Monday, February 11, 2008
Today the Giants signed veteran relief pitcher Scott Williamson to a minor league contract with an invite to spring training. This is a little move that is probably going to be overlooked for the time being, but I love it. Williamson at this point in his career is what I call a C.H.U.B., or CHeaply Utilized Bullpenite, and they just make me all warm and fuzzy inside...uh, in a completely non-weird way.
You see, I'm from the school that believes middle relievers are the easiest talents to find and replace in major league baseball. They're pitchers who usually had something to offer, something that made scouts drool, but who flamed out as starters for one reason or another. There are tons of these guys around. Since these relievers are so plentiful, and thus easy to replace, it just makes no sense for any team to shell out big bucks to retain them, yet you see it every year. Just this offseason, the White Sox gave Scott Linebrink a four year, $19 million deal, which has to rank as one of the worst signings of the winter.
Since the Giants are in a position where they should be rebuilding, it also makes even less sense for them to start throwing a bunch of money at middle relievers when there are so many other problems on the roster. The Giants, though, should be trying to improve the bullpen cheaply, whether internally or externally, and that's where Williamson comes in. He's had success in the majors before, he stills throws hard, and he costs the team essentially nothing. So if he's healthy and effective...huzzah! It's a step towards a solid bullpen (or at least a tradeable commodity), which is a step toward contention, at zero cost.
It's not like the Giants are bringing in Paul Abbott, either. Williamson was once a dominant reliever, and still has bite on his fastball. In a nutshell, here's Williamson's career. He won the Rookie of the Year award in 1999 with a brilliant showing out of the bullpen (195 ERA+), helping a flukey Reds team just miss the NL Wild Card. Unfortunately, this was during the era in which the Reds were having their relievers throw grotesque amounts of innings, and Williamson tossed 203 in his first two seasons, which included an abortive attempt at starting.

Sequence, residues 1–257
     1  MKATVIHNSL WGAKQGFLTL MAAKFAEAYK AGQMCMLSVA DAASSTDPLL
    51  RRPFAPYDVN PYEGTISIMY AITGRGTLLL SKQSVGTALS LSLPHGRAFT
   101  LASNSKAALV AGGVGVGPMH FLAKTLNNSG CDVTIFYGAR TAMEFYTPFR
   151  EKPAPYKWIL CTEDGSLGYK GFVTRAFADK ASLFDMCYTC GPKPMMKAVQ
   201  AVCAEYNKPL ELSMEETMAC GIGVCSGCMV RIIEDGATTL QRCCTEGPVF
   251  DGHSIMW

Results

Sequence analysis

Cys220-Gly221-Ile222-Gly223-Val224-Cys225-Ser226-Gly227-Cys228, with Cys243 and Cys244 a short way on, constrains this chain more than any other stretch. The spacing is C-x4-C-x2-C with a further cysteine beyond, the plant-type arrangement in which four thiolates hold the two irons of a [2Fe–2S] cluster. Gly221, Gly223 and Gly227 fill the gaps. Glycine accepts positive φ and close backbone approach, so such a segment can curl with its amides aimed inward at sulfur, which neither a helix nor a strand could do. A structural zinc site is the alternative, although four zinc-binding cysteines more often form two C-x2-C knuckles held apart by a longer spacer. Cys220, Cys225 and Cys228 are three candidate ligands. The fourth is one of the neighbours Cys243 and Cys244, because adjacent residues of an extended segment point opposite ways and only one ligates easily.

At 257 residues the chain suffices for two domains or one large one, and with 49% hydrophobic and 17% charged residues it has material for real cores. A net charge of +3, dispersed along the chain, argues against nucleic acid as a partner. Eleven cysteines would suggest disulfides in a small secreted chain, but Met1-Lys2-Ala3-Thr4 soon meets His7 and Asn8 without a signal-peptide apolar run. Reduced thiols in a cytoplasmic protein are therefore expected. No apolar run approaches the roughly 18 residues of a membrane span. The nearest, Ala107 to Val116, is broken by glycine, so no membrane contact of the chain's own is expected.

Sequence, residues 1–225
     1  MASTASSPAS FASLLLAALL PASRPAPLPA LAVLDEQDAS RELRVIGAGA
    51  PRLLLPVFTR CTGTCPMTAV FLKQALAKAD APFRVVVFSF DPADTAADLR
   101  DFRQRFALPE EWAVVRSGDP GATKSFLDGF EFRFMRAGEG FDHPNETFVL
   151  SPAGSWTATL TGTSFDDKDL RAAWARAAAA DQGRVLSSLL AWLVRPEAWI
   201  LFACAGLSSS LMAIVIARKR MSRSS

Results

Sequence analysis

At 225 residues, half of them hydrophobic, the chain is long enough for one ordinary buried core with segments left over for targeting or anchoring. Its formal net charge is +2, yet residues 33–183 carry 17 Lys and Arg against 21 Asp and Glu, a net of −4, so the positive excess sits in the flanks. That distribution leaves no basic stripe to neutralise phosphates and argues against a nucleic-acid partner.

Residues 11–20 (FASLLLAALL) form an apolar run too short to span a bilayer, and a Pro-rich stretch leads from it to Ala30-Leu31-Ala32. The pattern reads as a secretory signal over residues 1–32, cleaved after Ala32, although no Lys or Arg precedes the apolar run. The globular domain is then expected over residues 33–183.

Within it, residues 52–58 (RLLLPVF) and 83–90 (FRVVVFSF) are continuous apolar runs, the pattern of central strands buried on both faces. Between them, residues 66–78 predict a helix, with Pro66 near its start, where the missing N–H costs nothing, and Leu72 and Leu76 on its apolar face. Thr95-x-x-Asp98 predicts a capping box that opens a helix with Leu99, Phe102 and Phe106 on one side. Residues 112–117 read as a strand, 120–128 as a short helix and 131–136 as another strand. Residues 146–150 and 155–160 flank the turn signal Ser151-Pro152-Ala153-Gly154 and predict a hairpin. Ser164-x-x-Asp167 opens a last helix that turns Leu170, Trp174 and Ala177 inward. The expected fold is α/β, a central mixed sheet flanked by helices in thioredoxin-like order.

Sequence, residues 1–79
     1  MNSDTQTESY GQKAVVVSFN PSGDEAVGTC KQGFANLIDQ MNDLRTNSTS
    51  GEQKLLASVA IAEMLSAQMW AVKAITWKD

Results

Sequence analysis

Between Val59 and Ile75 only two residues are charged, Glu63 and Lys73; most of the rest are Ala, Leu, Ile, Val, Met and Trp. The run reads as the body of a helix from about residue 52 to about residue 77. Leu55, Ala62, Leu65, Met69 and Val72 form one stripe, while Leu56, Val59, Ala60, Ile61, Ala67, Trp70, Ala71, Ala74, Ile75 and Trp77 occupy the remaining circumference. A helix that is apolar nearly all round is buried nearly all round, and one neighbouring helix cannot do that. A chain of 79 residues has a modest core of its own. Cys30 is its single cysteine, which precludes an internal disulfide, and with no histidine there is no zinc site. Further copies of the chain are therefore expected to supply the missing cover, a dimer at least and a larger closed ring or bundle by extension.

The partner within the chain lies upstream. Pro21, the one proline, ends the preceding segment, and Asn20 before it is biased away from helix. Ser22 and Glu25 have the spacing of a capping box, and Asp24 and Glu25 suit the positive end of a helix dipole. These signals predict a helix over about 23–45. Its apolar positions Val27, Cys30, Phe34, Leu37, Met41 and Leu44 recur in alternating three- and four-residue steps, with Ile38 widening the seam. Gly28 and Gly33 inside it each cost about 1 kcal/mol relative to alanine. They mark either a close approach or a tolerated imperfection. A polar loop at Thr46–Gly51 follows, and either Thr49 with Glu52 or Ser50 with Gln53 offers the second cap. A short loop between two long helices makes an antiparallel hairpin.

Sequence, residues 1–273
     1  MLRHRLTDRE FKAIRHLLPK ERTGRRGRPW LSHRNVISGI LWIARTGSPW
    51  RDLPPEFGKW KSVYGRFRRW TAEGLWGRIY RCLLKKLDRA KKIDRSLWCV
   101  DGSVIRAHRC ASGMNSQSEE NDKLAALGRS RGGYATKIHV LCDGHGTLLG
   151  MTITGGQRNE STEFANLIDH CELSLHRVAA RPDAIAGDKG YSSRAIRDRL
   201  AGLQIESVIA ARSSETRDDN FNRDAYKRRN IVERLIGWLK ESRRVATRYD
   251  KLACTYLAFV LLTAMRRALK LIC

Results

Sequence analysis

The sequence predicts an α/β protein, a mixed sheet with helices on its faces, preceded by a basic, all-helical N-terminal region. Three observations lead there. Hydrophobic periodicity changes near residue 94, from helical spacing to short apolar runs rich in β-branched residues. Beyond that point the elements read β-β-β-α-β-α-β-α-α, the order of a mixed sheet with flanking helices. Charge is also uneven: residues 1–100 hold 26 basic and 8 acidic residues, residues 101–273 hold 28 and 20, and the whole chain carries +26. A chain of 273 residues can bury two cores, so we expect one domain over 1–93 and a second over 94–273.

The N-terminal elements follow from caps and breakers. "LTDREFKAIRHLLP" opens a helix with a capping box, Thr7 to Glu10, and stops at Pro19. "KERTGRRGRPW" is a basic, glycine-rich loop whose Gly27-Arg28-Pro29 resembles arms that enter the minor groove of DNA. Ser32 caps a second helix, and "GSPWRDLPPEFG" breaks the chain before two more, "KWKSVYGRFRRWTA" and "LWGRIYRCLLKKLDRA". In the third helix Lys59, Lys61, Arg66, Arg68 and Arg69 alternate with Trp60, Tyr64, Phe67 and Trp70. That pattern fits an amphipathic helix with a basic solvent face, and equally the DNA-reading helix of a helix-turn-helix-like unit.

Not shockingly, Williamson blew out his arm, missed most of 2001, and then settled back in where he left off in the Reds' bullpen. After being traded to the Red Sox, he found himself inexplicably nailed to the bench during Game 7 of the 2003 ALCS as Grady Little committed brainfart after brainfart. He pitched 29 unhittable innings in 2004, but then hurt himself again, and has been an injury-plagued mess ever since.
Last season he pitched only 14 innings, and walked eight in those innings, which is bad, but he also struck out 16, which is very good. So there's obviously still something there, and at the price of a minor league contract, it's a worth the team's time to test him out and see if they have themselves a good, old-fashioned solid setup man, one we've been clamoring for since the Tim Worrell days of yore (er, the 2001-03 version).
Williamson's injury history should beat back too much optimism, but with the arm involved, and at the price, I think this is a great move. Credit Brian Sabean for sating my C.H.U.B. fetish.